Dozens of hand-reared curlews have been released onto the Slimbridge reserve as part of a trial to conserve the species in lowland England.
It is hoped that the birds will join endangered wild populations and return to the Severn Vale in the future, boosting the numbers of breeding pairs in the area.
The curlew, recently called the ‘panda of UK conservation’ by ministers, could be lost forever in parts of the UK in as little as 15 years, forcing our experts to intervene.
The eggs were rescued from nests on military airbases in Norfolk, where they would have been destroyed, under licence, to protect air safety.
Curlew chicks are able to feed themselves from the moment they hatch. However they will freeze when they’re in danger which makes them particularly vulnerable to farm machinery and prey.
Even in healthy populations, only a small proportion of chicks will survive to fledge. Protecting them during this vulnerable stage and releasing them into the wild once they can take flight boosts the number of fledglings produced by a population, a technique known as 'headstarting'. This is just one element of the project which also involves working with farmers to protect nests and chicks by using fencing and changing hay cutting dates.
Over the past few decades, curlews have been struggling to raise their young in the British countryside. Older birds are dying off and there aren’t enough young to take their place.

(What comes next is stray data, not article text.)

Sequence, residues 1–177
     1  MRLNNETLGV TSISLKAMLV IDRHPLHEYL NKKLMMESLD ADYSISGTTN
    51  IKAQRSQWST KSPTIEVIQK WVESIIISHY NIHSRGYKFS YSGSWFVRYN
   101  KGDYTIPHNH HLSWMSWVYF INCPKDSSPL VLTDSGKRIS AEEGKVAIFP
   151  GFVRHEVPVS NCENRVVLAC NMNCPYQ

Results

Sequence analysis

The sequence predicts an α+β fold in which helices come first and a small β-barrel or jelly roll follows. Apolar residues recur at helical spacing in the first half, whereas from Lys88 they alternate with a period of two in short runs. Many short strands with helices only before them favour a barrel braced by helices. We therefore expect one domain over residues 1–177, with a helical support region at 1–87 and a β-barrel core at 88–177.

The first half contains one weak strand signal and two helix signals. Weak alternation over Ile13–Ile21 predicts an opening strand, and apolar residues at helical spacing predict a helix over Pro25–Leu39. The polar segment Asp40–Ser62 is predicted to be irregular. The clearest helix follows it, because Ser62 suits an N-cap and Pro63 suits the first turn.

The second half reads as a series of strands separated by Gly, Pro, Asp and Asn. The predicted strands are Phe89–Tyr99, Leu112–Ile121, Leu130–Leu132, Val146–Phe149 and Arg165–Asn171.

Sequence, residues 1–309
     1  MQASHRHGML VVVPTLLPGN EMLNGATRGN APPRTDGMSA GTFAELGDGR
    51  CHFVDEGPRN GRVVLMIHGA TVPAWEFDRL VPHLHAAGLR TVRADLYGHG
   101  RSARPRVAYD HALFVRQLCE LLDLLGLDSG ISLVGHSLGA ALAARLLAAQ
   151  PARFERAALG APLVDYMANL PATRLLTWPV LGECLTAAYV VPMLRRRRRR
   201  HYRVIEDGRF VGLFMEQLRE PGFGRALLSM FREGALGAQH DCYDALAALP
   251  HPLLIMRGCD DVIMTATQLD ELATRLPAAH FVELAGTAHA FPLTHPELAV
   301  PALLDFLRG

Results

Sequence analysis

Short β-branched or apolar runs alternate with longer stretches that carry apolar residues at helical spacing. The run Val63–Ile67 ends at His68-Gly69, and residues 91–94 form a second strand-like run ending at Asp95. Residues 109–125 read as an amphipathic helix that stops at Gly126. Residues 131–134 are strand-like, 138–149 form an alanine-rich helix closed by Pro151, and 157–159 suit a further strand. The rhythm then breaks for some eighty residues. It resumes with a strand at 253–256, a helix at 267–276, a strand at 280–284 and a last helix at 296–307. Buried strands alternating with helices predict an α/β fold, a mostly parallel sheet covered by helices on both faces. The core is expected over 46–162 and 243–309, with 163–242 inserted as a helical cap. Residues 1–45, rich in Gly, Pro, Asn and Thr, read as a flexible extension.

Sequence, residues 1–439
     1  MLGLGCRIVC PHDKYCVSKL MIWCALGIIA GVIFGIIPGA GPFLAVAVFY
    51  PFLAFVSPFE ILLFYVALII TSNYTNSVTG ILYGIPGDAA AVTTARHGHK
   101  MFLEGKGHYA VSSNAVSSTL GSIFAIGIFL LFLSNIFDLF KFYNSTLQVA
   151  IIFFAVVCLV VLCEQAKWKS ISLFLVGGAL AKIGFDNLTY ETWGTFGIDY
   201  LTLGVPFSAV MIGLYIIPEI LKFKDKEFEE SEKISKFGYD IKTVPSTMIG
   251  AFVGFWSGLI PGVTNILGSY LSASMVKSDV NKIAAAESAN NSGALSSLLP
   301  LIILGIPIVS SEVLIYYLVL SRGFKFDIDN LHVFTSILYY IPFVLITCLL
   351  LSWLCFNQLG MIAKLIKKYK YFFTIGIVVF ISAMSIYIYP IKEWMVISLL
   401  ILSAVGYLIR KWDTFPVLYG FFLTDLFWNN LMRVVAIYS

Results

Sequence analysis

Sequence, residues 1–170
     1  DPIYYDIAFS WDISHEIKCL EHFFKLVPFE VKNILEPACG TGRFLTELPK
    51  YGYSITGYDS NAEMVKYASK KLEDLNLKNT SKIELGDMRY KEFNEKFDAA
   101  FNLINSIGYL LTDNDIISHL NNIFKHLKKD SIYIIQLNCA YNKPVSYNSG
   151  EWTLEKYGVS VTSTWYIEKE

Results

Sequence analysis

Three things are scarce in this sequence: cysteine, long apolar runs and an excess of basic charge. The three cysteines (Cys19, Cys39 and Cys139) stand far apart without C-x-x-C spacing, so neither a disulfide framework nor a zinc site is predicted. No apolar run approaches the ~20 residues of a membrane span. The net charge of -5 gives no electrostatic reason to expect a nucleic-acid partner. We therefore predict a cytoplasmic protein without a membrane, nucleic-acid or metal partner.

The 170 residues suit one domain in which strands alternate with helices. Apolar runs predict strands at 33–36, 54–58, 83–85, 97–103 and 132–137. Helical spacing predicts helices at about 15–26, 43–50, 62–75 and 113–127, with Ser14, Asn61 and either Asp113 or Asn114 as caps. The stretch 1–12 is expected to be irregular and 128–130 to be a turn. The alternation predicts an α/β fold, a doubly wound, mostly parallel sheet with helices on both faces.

The curlew decline in the lowlands is likely linked to long-term changes to countryside management. Because they often nest in silage fields, their eggs and chicks are prone to being destroyed by farm equipment. The eggs and chicks also suffer extremely high rates of predation, particularly from foxes and crows, which are more widespread in Britain than elsewhere across Europe.
Curlews are now classed as a Priority Species in the UK and were added to the Red List in 2015.
The project aims to work out how to protect curlews in the south west of England and share these methods with other areas where the birds are struggling.
WWT has already used the technique to boost blck-tailed godwit and common crane numbers in the UK as well as spoon-billed sandpiper numbers in Russia. This year, it is also supporting the work of Curlew Country in Shropshire who first headstarted curlew in 2017.
The headstarting trial is a joint effort by WWT, Natural England, the Defence Infrastructure Organisation and the RAF.